Sunday, October 5, 2014

Visual XMPP View Coming in Next Release

Here's some preview what is planned for the next version.

I've added a visual XMPP view / debugger, which helps you debugging and understanding the XMPP traffic.

There are three tabs. The first one shows the connection and presence status.

The second tab shows the XMPP elements being exhanged between the client and the server. This is probably the most interesting tab because you exactly see what's going on.

There are also some neat gimmicks like filtering, searching and highlighting an IQ respone if you have selected an IQ request (as you can see below).

Searching and filtering:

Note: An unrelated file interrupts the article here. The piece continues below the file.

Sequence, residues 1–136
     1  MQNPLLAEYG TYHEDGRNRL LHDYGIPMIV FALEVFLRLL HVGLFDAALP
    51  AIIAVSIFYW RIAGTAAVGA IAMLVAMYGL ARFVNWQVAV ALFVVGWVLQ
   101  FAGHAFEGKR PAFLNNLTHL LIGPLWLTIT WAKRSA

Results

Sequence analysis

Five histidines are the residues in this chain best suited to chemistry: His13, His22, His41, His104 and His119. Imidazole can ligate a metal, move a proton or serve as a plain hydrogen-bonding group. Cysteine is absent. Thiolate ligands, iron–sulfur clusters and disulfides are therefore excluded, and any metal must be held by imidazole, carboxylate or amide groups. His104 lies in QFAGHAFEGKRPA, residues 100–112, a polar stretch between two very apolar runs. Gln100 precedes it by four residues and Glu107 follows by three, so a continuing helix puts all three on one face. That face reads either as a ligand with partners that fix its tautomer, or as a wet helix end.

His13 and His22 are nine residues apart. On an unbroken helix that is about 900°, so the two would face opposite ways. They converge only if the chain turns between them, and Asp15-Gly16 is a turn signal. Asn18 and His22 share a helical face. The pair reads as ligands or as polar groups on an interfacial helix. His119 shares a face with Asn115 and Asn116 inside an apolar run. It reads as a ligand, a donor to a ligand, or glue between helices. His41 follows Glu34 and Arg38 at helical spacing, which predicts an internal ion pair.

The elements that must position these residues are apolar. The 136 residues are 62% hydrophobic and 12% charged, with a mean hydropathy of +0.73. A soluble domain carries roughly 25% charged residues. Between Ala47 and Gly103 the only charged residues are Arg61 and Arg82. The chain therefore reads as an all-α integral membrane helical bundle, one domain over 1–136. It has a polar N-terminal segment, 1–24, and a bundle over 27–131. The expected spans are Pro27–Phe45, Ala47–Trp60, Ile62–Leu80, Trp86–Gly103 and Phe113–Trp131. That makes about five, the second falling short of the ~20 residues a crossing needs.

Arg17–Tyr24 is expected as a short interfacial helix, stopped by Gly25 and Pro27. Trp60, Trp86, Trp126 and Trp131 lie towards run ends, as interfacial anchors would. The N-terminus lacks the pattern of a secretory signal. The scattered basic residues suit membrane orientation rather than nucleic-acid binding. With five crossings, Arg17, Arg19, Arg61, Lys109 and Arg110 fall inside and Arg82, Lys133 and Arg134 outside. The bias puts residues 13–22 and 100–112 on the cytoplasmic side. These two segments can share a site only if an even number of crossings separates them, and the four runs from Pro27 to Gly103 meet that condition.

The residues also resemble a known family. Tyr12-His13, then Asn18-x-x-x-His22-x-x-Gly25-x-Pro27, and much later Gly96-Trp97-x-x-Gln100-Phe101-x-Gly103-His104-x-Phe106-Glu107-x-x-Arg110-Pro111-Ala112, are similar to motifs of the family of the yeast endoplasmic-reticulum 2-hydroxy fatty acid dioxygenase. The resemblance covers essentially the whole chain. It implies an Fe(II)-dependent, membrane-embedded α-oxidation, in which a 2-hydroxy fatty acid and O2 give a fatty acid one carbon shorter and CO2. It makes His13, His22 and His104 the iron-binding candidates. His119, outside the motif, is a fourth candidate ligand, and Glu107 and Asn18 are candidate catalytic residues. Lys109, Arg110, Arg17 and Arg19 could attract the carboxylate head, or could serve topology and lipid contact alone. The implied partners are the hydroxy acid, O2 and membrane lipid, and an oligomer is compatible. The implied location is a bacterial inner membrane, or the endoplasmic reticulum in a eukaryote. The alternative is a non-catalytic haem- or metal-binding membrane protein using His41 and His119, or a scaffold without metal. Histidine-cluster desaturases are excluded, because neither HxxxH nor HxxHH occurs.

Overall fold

The third tab is less interesting, it basically shows the raw traffic in two text areas one for the incoming and one for outgoing XMPP stream.

I am not sold on the API yet, but what you need to do is probably something like this:

XmppSessionConfiguration configuration = new XmppSessionConfiguration();
// Enable debugging, so that we see something.
configuration.setDebugMode(true);
// Set the graphical debugger
configuration.setDebugger(new VisualDebugger());

// Create the session
XmppSession xmppSession = new XmppSession(null, configuration, new TcpConnection("localhost", 5222));

Sunday, September 14, 2014

Repository Moved from Mercurial to Git

Hi all,

Babbler now uses Git instead of Mercurial. Admittedly I have no extensive experience with either source control system, but judging from my limited experience with both systems, I feel Git is more suited.